• Public transportation here is bomb-diggity.  It’s incredibly easy to get around, and I was really surprised at how eagerly and readily people are willing to offer seats to the elderly or to pregnant women/young mothers.

hello, Quito

Much like New York, Quito is a city with sirens, graffiti, and dark alleys.  People move through the sidewalk in crowds while music blasts from passing cars.  Enticing smells float from brightly lit bars and restaurants while small shops see a steady stream of people come and go.  It’s different from the United States, but the night scene is incredibly familiar.

After passing through the darkening city, we pulled up to a small hotel.   We received our room assignments and lugged our suitcases up two flights of stairs.  The atmosphere is much thinner this far up, and our hearts were pounding wildly from our brief burst of energy.  At this point, we just wanted to get settled and go to bed– our flight landed an hour later than expected, and another 45 minutes to the hotel meant that we weren’t sleeping until two in the morning.  Luckily, my roommate and I were rewarded with a quaint room that was perfectly sized (for me, at least!).


Because I didn’t feel like pulling my suitcase up another flight, I offered Michelle the loft (and the double bed!) that was upstairs.  I took the small bed on the first level.  Since breakfast was being served in only six hours, we tried our best to get to sleep– it wasn’t too hard… warm blankets + exhaustion = out cold.

After waking up, we trekked down the stairs and across a small courtyard to the main branch of the hotel.  In the daytime, it’s a completely different place!  Dark green ivy crawls up the walls and bright red flowers add strategic pops of colors.


Tables and chairs are placed outside on small balconies and further down on the grounds.  It’d be a great spot to enjoy the weather and drink some tea!  We passed them, though, and went inside, finding tables filled with fresh fruit, juices, coffees, teas, granola, and much more.


After eating and gathering a few things, we walked about five minutes to a nearby museum that displays artifacts from indigenous Ecuadorian groups.

You know how Europeans came to North America and interacted with, or sometimes oppressed, the Native Americans?  The same thing happened to indigenous Ecuadorian peoples, only with the Spanish.  We heard more details about Ecuador’s past in what served as a medium-sized lecture hall nestled in the museum.  Ecuador’s history is absolutely fascinating, and what’s even better is that in 2008, Ecuadorians made a constitution that promotes values of equality for all groups of people.  This includes indigenous people, but also extends to women, to those in the LGBQT community, and even to nature!


After a couple of lectures, we were finally allowed to take a tour of the museum.  Our guide was friendly, funny, and extremely knowledgable.

“Have you ever seen a sculpture with coffee-bean eyes?” he asked while pointing to a statue.  “Have you ever wondered why their eyes are like that?”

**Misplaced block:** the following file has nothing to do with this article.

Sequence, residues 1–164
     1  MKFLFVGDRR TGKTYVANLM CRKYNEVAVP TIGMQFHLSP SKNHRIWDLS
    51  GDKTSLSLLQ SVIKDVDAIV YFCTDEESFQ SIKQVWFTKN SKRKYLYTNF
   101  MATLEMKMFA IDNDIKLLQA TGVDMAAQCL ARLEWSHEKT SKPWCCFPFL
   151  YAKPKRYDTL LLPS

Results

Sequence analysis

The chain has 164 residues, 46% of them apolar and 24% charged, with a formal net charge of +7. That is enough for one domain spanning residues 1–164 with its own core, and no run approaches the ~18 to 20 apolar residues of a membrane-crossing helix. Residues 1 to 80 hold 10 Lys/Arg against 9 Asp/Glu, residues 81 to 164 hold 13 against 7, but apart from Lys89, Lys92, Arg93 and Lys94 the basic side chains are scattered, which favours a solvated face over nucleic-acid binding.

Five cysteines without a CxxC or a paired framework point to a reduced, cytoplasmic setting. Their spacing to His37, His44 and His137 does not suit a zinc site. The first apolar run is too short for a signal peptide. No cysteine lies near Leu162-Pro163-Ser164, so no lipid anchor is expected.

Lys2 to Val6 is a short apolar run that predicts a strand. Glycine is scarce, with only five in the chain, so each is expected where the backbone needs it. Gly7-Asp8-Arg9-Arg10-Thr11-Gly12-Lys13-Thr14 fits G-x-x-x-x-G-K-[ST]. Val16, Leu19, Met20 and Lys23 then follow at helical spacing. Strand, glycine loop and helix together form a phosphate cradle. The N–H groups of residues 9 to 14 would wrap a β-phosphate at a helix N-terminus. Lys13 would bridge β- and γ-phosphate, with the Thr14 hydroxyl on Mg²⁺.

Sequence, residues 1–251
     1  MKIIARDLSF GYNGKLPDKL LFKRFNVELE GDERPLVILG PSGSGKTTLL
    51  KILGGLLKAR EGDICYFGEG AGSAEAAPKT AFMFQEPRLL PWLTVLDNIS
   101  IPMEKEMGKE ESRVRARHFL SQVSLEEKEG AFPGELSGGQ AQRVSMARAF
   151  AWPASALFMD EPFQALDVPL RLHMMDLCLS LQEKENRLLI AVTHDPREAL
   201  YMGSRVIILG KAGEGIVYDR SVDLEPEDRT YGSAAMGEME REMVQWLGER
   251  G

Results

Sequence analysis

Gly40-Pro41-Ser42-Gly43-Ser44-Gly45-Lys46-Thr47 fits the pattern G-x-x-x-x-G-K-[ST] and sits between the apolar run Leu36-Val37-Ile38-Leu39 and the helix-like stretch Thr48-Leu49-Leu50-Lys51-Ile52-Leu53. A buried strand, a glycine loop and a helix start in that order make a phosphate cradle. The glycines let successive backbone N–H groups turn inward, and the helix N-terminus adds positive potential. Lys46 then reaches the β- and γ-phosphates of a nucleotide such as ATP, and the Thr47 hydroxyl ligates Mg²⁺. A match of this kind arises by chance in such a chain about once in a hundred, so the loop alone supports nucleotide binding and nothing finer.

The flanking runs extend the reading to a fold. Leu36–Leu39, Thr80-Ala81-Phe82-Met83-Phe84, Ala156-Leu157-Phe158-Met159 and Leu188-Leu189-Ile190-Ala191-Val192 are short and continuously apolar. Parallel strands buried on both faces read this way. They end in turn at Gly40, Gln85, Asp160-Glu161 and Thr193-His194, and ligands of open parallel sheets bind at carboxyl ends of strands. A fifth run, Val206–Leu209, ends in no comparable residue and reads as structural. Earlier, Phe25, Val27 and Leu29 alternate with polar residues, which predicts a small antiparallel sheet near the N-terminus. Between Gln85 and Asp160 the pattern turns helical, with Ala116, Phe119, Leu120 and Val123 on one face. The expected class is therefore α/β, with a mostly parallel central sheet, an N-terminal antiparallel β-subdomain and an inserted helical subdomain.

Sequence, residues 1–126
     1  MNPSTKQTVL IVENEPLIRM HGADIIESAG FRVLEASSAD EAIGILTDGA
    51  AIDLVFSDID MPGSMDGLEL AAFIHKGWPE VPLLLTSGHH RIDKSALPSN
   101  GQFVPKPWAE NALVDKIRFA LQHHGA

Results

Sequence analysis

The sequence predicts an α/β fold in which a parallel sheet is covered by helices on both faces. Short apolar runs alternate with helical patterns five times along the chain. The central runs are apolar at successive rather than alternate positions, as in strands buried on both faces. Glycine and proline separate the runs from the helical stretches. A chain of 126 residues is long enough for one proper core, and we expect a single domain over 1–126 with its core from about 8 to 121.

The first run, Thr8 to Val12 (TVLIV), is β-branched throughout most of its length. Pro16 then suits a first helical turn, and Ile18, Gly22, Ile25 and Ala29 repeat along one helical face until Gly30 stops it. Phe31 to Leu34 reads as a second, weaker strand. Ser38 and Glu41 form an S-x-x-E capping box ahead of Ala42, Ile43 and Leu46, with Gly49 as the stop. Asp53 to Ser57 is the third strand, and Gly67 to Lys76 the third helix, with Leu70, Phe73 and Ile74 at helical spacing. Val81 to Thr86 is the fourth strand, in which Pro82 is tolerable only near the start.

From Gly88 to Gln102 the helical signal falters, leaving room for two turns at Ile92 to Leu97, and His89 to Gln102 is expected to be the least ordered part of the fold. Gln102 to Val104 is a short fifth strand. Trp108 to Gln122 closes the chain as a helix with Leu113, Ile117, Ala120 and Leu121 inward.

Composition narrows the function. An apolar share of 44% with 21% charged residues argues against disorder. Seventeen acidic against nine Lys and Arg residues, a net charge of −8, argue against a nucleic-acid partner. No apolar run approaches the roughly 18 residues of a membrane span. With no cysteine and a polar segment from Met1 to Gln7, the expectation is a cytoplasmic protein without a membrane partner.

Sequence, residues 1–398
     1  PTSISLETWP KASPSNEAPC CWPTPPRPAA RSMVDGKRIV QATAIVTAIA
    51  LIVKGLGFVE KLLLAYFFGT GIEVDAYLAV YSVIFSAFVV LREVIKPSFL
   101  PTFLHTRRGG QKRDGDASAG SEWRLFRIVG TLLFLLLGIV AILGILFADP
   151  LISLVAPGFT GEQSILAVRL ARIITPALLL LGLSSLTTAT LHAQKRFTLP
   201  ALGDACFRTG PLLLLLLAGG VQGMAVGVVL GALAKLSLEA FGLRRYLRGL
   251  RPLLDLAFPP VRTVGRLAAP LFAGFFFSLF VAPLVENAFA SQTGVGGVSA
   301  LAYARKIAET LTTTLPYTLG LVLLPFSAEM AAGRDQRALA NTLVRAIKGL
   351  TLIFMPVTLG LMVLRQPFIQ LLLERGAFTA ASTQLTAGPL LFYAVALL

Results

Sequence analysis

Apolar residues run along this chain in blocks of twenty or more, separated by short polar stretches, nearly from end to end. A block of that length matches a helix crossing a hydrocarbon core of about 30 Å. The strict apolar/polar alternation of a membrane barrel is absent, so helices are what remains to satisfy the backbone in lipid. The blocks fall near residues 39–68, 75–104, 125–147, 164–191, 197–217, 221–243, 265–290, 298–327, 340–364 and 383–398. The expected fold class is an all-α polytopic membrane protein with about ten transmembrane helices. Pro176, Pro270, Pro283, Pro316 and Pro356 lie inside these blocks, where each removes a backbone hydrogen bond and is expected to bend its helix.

“It’s because they’re high!”

We laughed.  “No, really,” he continued, “the shamans do this in order to see and make sense of their visions…” a lengthy explanations about different types of shamans, purification ceremonies, and indigenous history followed.


After the museum, we had lunch at a place called Crepes & Waffles (you only get one chance to guess what they served).  It was a bit embarrassing being in such a big group (there are almost thirty of us total), because we attract a lot of attention.  Still, eating lunch at that small place was a fun experience, and once we finished we had the chance to walk around the city a bit.

Within the hour we were off on a bus tour.  It was one of the highlights of my day.  Quito has an amazing blend of decrepit and meticulously cared-for buildings.  You can see a traditional and modern styles sitting right next to each other.  But more striking than that is the streets– and the way everyone drives!  Everything seems incredibly steep and narrow.  I would love to shake the hand of every Ecuadorian driver.  Navigating the maze-like roads is not for the faint-of-heart.

While on the tour around the city, we had a few chances to take photos.  We were gradually climbing the mountains and ended up getting some absolutely fantastic views.


Seeing the city in this way made me realize that Quito is HUGE!  It seems to stretch out forever.


While up on this particular mountain, we had the chance to climb up a statue of a winged Virgin Mary.  Ecuador is a very Christian country, but they differ from the Christians we might think of in America.  For example, the snake in Ecuador is revered– it’s said that he can travel to the underworld, become wise by learning there, and travel back up again to share his knowledge.  For this reason, there’s a snake at the feet of the Virgin Mary statue.


Eventually we made our way to Ecuador’s main plaza.  Many of the buildings that surround the plaza have government connections; one has housed previous presidents, another is called the Archbishop’s Palace (although he doesn’t stay there any more– according to our guide, he “doesn’t get as many visitors nowadays”).  Oh, and in the next week or so, the POPE will be making a visit to Ecuador, stopping to speak at the Plaza while he is there.

We ate dinner in the Archbishop’s Palace, which has been partially been converted into a classy hotel.  After that, a taxi quickly took me and a few others back to the hotel, where we can unwind and prepare for tomorrow.

So far, Quito has been absolutely amazing.  The people here are warm, friendly, and accommodating– especially to such a loud and obvious group of tourists.  The air is fresher, in a way, and the mountains are so much bigger than anything I’ve seen before… they provide a great backdrop for when you’re eating outside.

There are a lot of small differences that I’ve already noticed, too, like not being able to flush toilet paper (you have to throw it in the trash can!) or the fact that natural light is prevalent (electric lights are used a bit less).  Also, the food here is fantastic, even for a vegan, and I don’t think I’ll get over how great the fresh juices are.

Tomorrow, we’re headed out at eight in the morning to observe some schools around the cities.  It’ll be another very long day, but I think it’s going to be pretty amazing.